Monday, March 28, 2011

The Chicago recap

Rather than retyping everything about my trip to Chicago, I will share with you the account that I shared with my Mugai group here in Virginia:

Hi Everyone,

Now that I'm fairly well rested and can think clearly, I'll share my experience in Chicago (I apologize in advance for the length).

I arrived Thursday evening, so I could get some rest before training on Friday morning. As it turned out, it was a very wise decision. I don't think I would have survived all that training coming straight from the airport (like Dave did, ouch). Needless to say, I'm tired and sore, but I also came home strangely energized by the incredibly positive experience I had out there. The training may have been brutal, but it was well worth it, as I learned a great deal.

On Friday morning we started off by going over hashirigakari. Since these are my weakest kata, I welcomed the chance to practice them under Alvarez-sensei's guidance (thankfully, he is a very patient man). We spent a good deal of time going over various aspects of timing and other little details. Next we had lunch delivered to the dojo, and we got to spend most of that time listening to Alvarez-sensei tell stories of his various adventures. After lunch we worked on shoto kumitachi for (Dave wasn't kidding) FOUR hours. Alvarez-sensei showed us how to work jujutsu in there to make it more effective. Later we worked on daito kumitachi and we learned some tips and tweaks there, as well.

On Saturday we worked on various kneeling and standing kata before we all went out for lunch. After lunch was shinsa. I'm disappointed that Alberto didn't share his feelings about the testing experience (hint, hint). I know how much he put into preparing and he deserves our congratulations. I found it very helpful to watch the testing. It's always nice to see how things work before you actually have to do them. If anyone is wondering why I didn't test for shodan, it really all came down to cutting. There wasn't any time to practice cutting before shinsa, and Alvarez-sensei is now requiring gyaku-kesa for shodan. I was already feel shakey about my cutting and I couldn't imagine attempting something I'd never even tried before during the actual test. You can all be sure that I'll be pushing for lots of cutting so I can be confident when the next testing opportunity comes along. :)

Anyway, after shinsa, I really enjoy watching the "disposal" of the extra mats. It was especially interesting to watch Alvarez-sensei teach someone who'd never cut mats before how to cut. Of, course, it was great to watch him do his own cutting. He's pretty amazing. After we cleaned all that up we worked on habiki no kata (Mugai kenjutsu) and then Shinto Ryu shoto kenjutsu. As with the kumitachi, Alvarez-sensei stressed the importance of jujutsu principles and how they relate to kenjutsu. Very informative stuff. Unfortunately, we missed the Shinto Ryu daito kenjutsu, which they covered on Sunday.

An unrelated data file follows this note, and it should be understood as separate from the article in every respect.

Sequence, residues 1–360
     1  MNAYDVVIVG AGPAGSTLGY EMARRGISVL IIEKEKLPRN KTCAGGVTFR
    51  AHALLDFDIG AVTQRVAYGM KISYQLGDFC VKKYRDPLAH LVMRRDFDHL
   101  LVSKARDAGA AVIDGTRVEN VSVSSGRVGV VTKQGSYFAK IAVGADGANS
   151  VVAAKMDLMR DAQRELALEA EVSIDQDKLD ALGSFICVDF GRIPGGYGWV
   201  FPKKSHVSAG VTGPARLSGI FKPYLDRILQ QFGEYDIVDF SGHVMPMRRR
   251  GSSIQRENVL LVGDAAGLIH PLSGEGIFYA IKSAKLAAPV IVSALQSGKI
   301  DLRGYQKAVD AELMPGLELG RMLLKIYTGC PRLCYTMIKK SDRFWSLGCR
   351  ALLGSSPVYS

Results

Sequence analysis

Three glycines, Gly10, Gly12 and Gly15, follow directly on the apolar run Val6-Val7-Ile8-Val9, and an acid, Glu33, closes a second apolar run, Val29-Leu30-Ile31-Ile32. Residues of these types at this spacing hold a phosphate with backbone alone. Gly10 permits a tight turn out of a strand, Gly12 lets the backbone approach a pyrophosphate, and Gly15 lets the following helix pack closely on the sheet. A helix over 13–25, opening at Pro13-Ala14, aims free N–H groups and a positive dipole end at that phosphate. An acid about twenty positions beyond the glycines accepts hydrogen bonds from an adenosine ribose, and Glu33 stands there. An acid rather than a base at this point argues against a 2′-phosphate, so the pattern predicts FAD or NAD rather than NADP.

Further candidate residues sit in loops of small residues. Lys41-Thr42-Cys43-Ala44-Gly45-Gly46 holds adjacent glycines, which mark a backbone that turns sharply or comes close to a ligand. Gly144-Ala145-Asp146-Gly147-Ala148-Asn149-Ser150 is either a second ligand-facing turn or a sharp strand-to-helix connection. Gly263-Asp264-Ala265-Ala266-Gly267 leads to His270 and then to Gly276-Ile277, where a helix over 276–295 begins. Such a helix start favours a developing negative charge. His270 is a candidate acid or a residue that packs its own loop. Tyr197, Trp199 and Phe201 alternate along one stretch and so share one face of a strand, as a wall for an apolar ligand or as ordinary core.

The intense training was well balanced by the social side of the trip. I have to admit, when Alberto and I arrived at the dojo on Friday morning, I was nervous and a little intimidated, but it didn't last long. Everyone was supportive, helpful and best of all, fun. I can't say enough about how welcome Brian and his group made me feel. By lunch time, they had me feeling like family. Honestly, if you walked in on Friday afternoon, you'd already think we'd all been training together at that dojo for years. I'll spare the details, but some of the social highlights were a group dinner on Friday night, then on Saturday, a crazy road trip to Denny's and lunch at a place with really weird decor. Oh yes, and I vaguely recall something about pitchers of margaritas on Saturday night. :)

Before this gets any longer (I really could go on and on) I'll end by saying that this was an amazing trip and I am extremely fortunate to have been able to attend. I came to realize that I really am a part of a wonderful extended family of Mugai students that will welcome me anywhere and I'm more excited about Mugai than ever. I'm already looking forward to the next trip, whenever that may be. I also want to step up my training. So who's up for starting to train 2 days a week. :)

If you made it this far, thanks for reading and I apologize if any (or all) of it made no sense!


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